SCVNGR: The “Game Layer” Needs More Game

Abstract: Currently SCVNGR is doing a great job selling their platform as a way to turn life into a game. Beyond giving people virtual points points and rewards for playing there is huge potential for SCVNGR to take this concept to the next level.

Originally published right here.

SCVNGR has worked hard to frame itself as a game, i.e. users gather points for checking in and completing challenges (snapping a picture or answering a simple question). And, their new “level up” program allows repeat customers to earn more rewards the more they shop, er “play.”

But, these features are just mimicking the characteristics of games. The SCVNGR platform doesn’t fully speak to why people play games. As an account planner I work to see this from the consumer point of view and the game paradigm is missing something here.


Let me put it another way, I don’t play Mario to get the coins. I don’t play World of Warcraft to level up. There are deeper reasons that people love playing games, especially virtual, and SCVNGR’s robust platform is well positioned to start tapping into these motivations. In short these motivations include: experiencing a narrative, creating challenges that are tough to beat, and facilitating more direct competition.

Motivation 1: Experiencing a story

When people play video games they immerse themselves in a story. There is a character and a plot, and overcoming challenges such as solving puzzles, killing zombies, beating time trials etc. moves the story forward (more on this later).

SCVNGR applies no narrative to their game. And while neither does Sudoku, there is potential here for grabbing new users if we consider the power of putting people in the drivers seat of a really good story.

  • Example: Zip Car runs a promotion for people to rent a mini and re-create Paul Revere’s famous ride. With a list of locations to visit and challenges to complete along the way, guide people through the winding streets of Boston’s North End to the small monument in Concord, MA where the British finally captured the famous silversmith.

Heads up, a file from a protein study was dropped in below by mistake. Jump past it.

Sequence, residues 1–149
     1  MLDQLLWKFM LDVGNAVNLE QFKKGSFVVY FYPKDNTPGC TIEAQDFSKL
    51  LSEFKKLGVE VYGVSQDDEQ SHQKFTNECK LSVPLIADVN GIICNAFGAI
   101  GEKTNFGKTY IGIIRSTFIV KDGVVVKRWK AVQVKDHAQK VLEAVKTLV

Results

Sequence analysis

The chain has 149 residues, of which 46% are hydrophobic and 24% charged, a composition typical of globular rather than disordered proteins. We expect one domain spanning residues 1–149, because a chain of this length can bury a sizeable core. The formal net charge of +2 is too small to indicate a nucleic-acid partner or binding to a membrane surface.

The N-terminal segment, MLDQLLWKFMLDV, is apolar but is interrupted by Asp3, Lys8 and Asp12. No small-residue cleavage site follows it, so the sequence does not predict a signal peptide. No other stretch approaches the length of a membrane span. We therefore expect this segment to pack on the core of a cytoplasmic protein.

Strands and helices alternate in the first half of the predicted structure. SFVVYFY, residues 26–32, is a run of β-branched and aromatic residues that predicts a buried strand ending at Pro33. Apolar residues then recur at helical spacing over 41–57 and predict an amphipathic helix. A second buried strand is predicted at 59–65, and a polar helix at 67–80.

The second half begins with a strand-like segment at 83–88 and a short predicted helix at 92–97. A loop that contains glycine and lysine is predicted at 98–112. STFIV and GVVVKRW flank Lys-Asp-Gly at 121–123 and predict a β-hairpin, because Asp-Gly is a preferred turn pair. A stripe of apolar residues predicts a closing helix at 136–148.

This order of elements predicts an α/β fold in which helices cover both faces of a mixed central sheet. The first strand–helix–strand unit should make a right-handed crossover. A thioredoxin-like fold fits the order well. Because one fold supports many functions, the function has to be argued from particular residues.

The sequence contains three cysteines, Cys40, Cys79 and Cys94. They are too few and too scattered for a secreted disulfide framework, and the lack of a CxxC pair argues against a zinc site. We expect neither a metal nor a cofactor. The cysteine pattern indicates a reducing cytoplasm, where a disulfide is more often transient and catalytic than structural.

Take-away: Good advertising is good storytelling. Games allow people to experience stories in a whole new way, the first person, and with SCVNGR this is literally possible.

Motivation 2: Hard challenges are fun

Beating Super Mario isn’t easy (at least not for me). Neither is the New York Times crossword puzzle. These games present a real challenge and overcoming it feels good. In fact, how good you feel is inversely proportional to the likelihood of success. Overcoming a really tough challenge = hell yeah, I’m awesome!

SCVNGR does not offer users this experience of accomplishment (even Soduku does that!). There is potential for motivating people to play SCVNGR by giving people the feeling they have truly earned their rewards.

  • Example: City Sports runs a promotion rewarding those those who check in at their local Gym, and do so at a specific time designated by the user. Thus, it’s no longer about counting ceiling fans at checkout time, it’s about sticking to your workout routine. Further, it gets users are thinking about City Sports every day, not just when they shop.

Take-away: Games that are easy to beat aren’t any fun. People want challenges and they feel good when they overcome them. SCVNGR will appeal to more users when it can offer this experience.

Motivation 3: Competition is fun

Scrabulous is fun because you can challenge your friends to a game and play with them throughout the day or week in semi-realtime (the topic of my senior thesis). It’s casual, it’s fun, and it’s great for trash talk on Friday night.

SCVNGR does not facilitate this type of direct competition. I can see what badges my friends have and their recent activity, but that’s not competition. Building in clearly defined head-to-head competitions though, now that could inspire some participation.

  • Example: “Jason has challenged you to Spot a Yankee! For the next 2 days on your commute and out at the bars snap a picture of every Yankee’s fan you see. Caps are 1 point, Jerseys 3 points. Winner gets bragging rights, and the coveted “Yankee Safari” badge.” 

Take-away: Competition can happen in many different ways, and it should be challenging, too. Some groups of friends actually build their relationships based around this dynamic (see Fantast Football).

Conclusion: It’s not my intension to speak poorly of SCVNGR, just the opposite. They have created an amazing platform that provides a lot of value to both businesses and users alike. What’s more impressive is the huge amount of potential that still lies within the basic concept of SCVNGR.

 

 

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One response to “SCVNGR: The “Game Layer” Needs More Game

  • A letter to the Chief Ninja « Wicked Good Planning

    […] Here’s an example of what I mean. After overcoming any obstacle, how good you feel is inversely proportional to the likelihood of success. The harder the challenge, the bigger the rush when you finally achieve success. This emotional core is absent from SCVNGR’s game dynamic. Tap into this, and you’ll be giving people a compelling reason to play (read more). […]

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